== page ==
Analysts are still waiting for Apple Inc. (NASDAQ:AAPL) to disclose more details about its Apple Pay payments service. Of course in the meantime, they’re speculating about the possibilities, sharing information received from industry sources, and weighing in on Apple Pay’s potential effects on the industry.
What Apple will earn from Pay
In a report dated Sept. 23, 2014, Sterne Agee analysts Thomas McCrohan and Leonard DeProspo said they see Apple Pay as just “another payment tender type” rather than a “tremendous payments disruptor. They also provided some probably details around the financials of the service for Apple.
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They said industry sources have said that bigger banks will pay Apple 15 basis points for credit transactions and half a cent for debit transactions. They said smaller banks will probably pay 25 basis points for credit transactions and 15 basis points for debit transactions.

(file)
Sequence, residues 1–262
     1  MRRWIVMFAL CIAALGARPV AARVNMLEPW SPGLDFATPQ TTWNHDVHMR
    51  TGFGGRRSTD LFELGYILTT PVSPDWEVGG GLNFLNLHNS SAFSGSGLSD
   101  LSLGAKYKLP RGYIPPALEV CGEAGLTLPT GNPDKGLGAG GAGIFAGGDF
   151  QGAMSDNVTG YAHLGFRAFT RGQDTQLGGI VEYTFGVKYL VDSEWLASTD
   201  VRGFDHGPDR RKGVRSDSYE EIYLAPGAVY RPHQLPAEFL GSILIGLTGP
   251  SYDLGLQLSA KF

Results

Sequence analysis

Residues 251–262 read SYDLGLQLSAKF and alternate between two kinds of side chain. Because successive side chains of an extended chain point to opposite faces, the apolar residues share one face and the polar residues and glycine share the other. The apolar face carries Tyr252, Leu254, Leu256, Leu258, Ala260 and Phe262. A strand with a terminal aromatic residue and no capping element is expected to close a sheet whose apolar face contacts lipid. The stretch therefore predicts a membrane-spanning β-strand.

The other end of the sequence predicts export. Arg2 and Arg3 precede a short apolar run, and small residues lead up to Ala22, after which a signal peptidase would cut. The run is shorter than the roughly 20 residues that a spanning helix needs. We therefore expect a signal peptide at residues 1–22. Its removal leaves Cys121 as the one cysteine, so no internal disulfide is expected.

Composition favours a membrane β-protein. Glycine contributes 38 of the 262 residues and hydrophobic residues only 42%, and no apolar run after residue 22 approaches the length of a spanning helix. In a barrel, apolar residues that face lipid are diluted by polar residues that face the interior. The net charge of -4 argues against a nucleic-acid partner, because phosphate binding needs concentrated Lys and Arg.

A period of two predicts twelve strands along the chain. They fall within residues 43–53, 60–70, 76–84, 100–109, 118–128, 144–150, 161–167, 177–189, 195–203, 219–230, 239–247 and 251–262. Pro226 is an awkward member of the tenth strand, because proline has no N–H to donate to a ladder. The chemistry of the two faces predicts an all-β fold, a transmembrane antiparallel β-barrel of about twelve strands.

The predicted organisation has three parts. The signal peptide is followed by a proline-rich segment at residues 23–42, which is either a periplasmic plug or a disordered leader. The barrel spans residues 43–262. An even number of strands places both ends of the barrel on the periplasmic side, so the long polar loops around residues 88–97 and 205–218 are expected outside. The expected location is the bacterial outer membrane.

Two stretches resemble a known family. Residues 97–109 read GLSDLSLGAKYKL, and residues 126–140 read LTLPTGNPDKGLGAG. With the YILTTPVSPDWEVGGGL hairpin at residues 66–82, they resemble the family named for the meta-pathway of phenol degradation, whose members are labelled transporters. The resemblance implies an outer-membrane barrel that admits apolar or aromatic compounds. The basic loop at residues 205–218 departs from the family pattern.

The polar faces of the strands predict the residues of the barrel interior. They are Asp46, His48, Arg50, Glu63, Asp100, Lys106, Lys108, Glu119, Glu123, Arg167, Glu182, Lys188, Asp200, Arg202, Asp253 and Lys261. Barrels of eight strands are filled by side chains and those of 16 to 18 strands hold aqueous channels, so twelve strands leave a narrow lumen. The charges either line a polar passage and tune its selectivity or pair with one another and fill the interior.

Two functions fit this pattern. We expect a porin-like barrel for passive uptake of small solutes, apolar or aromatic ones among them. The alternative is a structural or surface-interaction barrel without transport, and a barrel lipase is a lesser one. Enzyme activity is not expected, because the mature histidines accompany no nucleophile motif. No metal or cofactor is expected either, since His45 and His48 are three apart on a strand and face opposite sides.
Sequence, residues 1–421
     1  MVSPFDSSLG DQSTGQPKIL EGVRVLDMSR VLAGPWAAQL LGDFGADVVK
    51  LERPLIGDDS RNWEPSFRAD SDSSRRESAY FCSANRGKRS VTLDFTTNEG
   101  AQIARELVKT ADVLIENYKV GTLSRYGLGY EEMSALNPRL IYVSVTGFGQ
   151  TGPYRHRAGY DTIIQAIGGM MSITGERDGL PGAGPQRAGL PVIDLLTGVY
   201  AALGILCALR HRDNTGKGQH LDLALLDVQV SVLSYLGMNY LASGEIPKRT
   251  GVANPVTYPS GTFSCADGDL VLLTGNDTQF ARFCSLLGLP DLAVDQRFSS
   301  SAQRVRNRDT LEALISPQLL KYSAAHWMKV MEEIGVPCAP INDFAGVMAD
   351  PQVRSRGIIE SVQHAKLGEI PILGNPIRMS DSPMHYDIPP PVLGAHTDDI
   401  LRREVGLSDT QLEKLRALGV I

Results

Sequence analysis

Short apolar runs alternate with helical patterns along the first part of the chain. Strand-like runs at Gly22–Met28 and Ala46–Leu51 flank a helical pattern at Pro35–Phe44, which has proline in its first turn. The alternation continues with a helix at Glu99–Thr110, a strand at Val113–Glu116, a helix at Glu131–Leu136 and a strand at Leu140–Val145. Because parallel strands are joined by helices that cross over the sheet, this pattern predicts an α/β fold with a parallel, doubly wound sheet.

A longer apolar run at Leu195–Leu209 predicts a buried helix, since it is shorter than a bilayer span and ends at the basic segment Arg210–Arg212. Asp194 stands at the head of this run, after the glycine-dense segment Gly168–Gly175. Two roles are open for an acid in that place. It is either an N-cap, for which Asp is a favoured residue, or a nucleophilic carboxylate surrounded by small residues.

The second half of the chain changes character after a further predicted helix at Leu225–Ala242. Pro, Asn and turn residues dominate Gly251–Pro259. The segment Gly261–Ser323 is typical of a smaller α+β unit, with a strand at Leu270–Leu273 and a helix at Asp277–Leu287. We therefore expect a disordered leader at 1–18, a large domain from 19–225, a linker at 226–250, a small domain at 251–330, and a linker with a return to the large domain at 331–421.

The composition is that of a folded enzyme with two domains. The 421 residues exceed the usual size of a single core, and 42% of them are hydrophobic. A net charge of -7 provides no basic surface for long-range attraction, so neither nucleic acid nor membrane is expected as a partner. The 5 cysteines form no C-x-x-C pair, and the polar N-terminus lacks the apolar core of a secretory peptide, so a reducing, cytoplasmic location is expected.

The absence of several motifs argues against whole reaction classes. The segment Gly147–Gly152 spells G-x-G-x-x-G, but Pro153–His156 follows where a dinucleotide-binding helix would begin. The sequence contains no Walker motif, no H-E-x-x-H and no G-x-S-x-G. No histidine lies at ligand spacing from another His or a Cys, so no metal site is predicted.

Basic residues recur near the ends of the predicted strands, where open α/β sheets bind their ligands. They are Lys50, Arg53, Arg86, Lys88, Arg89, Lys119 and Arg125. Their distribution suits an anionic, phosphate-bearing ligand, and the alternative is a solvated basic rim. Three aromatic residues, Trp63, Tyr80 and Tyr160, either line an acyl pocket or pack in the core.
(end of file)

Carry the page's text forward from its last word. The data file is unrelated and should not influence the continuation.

Why banks will work with Apple
The Sterne Agee team said banks are willing to pay these fees because of how much the average Apple customer spends. They remind investors that while Apple holds only about 25% of the smartphone market, its users make up about 66% of the spending done through smartphones.
They say the large credit card database Apple holds is also a plus for banks.
Other details on Apple Pay
Apple announced that its early partners for Apple Pay include Visa Inc (NYSE:V) and Mastercard Inc (NYSE:MA) and American Express Company (NYSE:AXP). Discover Financial Services (NYSE:DFS) wasn’t on the list of those early partners, although the Sterne Agee team has heard that the company will probably be added by the end of this year.
The analysts also mentioned tokenization fees, which will probably vary by network. They say it looks like all the token provisions Visa approves will carry a 7-cent fee. But when Visa declines a token provision, there’s a 2-cent fee. They added that it looks like MasterCard’s token provisioning fees are a lot higher, at 50 cents.
They believe there could be a merchant token fee of between 2 and 3 cents, although that could go higher by a penny or two. They suggest that the major payment networks could charge merchants these tokenization fees for account setup, maintenance and security.